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Ulysses (1967)

Not Rated | | Drama | June 1967 (UK)
Dublin; June 16, 1904. Stephen Dedalus, who fancies himself as a poet, embarks on a day of wandering about the city during which he finds friendship and a father figure in Leopold Bloom, a ... See full summary »

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Writers:

(screenplay), (novel) | 1 more credit »
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ON DISC
Nominated for 1 Oscar. Another 1 win & 6 nominations. See more awards »
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Cast

Cast overview, first billed only:
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Anna Manahan ...
Chris Curran ...
Myles Crawford
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Gerty MacDowell (as Fionnuala Flanagan)
Geoffrey Golden ...
Martin Dempsey ...
Eddie Golden ...
Maire Hastings ...
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Graham Lines ...
Desmond Perry ...
Bantam Lyons (as Des Perry)
Rosaleen Linehan ...
Nurse Callan
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Storyline

Dublin; June 16, 1904. Stephen Dedalus, who fancies himself as a poet, embarks on a day of wandering about the city during which he finds friendship and a father figure in Leopold Bloom, a middle-aged Jew. Meanwhile, Bloom's day, illuminated by a funeral and an evening of drinking and revelry that stirs paternal feelings toward Stephen, ends with a rapprochement with Molly, his earthy wife. Written by <jhailey@hotmail.com>

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Genres:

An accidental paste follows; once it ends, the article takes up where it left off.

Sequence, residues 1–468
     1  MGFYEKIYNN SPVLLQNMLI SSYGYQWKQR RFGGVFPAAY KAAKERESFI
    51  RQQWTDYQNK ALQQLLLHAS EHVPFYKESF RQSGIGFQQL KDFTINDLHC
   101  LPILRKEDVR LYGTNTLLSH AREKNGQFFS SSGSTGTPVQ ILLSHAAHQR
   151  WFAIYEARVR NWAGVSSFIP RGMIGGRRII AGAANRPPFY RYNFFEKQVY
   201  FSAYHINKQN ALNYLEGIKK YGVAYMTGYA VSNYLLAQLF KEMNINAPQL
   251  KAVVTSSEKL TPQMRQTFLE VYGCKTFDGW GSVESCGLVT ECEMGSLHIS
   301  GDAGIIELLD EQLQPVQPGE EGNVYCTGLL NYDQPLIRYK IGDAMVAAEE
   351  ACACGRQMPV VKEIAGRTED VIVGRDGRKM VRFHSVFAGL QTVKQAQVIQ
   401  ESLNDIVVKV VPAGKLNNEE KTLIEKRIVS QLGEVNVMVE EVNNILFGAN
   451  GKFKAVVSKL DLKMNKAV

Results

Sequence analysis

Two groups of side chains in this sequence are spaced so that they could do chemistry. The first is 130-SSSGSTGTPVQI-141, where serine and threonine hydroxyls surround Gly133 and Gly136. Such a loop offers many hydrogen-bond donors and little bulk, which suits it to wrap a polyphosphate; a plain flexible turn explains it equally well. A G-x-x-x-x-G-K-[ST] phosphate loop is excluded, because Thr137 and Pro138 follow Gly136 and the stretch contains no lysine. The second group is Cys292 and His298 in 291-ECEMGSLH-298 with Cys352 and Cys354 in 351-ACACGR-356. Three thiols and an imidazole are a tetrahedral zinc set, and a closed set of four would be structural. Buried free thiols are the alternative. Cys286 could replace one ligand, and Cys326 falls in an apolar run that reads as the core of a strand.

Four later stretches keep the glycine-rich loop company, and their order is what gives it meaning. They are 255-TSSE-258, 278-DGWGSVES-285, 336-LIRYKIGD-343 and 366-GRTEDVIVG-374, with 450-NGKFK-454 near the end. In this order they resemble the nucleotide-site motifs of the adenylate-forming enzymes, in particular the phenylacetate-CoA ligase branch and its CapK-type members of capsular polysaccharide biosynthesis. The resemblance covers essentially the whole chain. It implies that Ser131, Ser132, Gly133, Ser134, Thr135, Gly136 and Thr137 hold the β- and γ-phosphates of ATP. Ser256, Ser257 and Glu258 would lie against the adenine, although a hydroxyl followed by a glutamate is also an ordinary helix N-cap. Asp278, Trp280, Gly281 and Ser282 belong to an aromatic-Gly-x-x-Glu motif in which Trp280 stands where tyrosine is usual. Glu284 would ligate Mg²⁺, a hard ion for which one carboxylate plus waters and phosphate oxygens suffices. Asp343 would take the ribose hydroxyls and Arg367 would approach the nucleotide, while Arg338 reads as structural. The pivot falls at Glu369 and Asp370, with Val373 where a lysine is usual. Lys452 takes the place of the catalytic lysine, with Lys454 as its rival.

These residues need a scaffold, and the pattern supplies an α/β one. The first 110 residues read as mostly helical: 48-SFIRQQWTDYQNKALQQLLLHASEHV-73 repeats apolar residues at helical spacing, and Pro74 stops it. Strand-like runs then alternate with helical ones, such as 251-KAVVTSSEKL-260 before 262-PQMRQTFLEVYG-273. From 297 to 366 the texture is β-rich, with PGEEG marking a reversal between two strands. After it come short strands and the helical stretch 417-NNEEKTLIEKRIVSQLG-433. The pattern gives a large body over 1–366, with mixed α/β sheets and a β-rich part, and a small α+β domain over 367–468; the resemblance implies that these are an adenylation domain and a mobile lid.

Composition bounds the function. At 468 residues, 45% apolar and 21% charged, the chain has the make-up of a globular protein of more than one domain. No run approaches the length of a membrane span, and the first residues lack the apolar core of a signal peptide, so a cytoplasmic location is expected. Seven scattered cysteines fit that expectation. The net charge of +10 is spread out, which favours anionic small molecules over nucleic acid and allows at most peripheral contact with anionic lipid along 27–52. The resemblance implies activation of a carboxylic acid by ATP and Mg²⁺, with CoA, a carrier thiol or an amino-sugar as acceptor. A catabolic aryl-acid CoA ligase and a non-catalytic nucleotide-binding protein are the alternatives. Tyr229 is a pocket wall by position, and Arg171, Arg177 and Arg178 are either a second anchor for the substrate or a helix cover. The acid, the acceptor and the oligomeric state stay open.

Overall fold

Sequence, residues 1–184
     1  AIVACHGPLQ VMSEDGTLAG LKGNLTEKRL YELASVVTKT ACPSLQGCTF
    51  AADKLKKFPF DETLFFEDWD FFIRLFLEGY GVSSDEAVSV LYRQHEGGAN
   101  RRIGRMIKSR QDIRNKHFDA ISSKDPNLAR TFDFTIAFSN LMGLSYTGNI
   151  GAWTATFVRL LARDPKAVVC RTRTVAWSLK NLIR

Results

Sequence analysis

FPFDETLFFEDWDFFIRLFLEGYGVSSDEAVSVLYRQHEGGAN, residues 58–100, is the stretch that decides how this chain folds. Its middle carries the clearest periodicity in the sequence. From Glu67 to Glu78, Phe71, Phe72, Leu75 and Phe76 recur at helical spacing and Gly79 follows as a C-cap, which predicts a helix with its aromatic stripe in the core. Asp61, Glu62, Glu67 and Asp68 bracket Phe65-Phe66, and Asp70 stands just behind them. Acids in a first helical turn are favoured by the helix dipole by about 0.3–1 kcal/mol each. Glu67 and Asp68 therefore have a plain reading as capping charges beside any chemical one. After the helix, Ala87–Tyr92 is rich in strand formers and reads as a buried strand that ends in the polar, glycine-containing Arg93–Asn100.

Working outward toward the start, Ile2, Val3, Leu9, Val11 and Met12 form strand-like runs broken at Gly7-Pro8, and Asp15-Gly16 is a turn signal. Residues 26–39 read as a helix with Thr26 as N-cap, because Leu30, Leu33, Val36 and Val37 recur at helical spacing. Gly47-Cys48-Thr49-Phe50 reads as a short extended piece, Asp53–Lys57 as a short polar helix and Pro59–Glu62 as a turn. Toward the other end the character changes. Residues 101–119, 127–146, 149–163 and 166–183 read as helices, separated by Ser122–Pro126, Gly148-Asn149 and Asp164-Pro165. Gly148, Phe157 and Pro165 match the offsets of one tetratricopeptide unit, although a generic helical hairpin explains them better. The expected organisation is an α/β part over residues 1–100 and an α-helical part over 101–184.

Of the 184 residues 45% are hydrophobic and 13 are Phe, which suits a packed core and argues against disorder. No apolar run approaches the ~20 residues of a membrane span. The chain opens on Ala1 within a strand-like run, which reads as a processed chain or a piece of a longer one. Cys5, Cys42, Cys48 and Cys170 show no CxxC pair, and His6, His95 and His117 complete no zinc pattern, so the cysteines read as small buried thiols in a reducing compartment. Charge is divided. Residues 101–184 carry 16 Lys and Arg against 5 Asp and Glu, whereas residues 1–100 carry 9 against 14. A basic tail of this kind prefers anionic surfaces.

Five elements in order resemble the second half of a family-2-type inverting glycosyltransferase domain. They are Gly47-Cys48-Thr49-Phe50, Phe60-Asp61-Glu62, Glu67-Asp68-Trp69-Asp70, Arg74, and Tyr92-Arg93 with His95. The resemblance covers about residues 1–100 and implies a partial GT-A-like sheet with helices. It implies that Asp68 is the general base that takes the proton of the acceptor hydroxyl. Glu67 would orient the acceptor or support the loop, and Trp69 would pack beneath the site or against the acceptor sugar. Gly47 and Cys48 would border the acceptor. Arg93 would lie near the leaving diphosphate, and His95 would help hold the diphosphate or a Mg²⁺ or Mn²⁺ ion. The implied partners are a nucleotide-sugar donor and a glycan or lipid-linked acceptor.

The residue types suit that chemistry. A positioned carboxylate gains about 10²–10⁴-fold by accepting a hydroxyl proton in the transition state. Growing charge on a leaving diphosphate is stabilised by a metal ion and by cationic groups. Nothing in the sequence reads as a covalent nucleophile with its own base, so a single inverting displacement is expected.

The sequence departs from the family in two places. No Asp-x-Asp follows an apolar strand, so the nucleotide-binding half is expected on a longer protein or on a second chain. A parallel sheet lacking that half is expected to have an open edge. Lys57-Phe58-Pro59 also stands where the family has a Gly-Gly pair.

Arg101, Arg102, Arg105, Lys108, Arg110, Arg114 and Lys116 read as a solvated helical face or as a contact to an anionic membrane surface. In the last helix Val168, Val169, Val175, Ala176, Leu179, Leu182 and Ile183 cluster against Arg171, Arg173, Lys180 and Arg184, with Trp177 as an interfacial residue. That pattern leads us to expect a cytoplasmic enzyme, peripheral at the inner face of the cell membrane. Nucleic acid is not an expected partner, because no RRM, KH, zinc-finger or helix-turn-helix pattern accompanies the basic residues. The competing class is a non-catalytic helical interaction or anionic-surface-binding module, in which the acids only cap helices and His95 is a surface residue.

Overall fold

Drama

Certificate:

Not Rated | See all certifications »
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Details

Country:

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Language:

Release Date:

June 1967 (UK)  »

Also Known As:

Alucinação de Ulisses  »

Filming Locations:


Company Credits

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Technical Specs

Runtime:

Sound Mix:

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Aspect Ratio:

2.35 : 1
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Did You Know?

Trivia

Peter Sellers had also wanted to film James Joyce novel with a Wolf Mankowitz screenplay, and with Peter O'toole and Diane Cilento also starring , but like many Sellers announcements of the time, it failed to get off the ground. See more »

Quotes

Buck Mulligan: Thus spake Zarathustra!
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Connections

Referenced in I Call First (1967) See more »

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User Reviews

A quirky and entertaining little piece
28 January 1999 | by (United Kingdom) – See all my reviews

Could Ulysses be filmed? A tremendous novel becomes an atmospheric, entertaining, and generally absorbing film, losing none of the humour or the pathos. Perhaps a little slowly paced to start with, but filming around Dublin in black and white with an interesting cast and a variety of interesting approaches means the film is well worth seeing. Much better than expected.


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